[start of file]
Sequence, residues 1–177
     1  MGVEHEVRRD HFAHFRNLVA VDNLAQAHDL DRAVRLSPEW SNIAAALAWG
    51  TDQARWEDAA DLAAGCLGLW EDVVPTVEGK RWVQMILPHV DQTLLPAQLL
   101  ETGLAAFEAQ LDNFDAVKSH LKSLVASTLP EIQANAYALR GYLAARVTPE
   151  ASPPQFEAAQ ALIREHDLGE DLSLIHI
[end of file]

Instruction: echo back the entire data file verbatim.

Sequence, residues 1–177
     1  MGVEHEVRRD HFAHFRNLVA VDNLAQAHDL DRAVRLSPEW SNIAAALAWG
    51  TDQARWEDAA DLAAGCLGLW EDVVPTVEGK RWVQMILPHV DQTLLPAQLL
   101  ETGLAAFEAQ LDNFDAVKSH LKSLVASTLP EIQANAYALR GYLAARVTPE
   151  ASPPQFEAAQ ALIREHDLGE DLSLIHI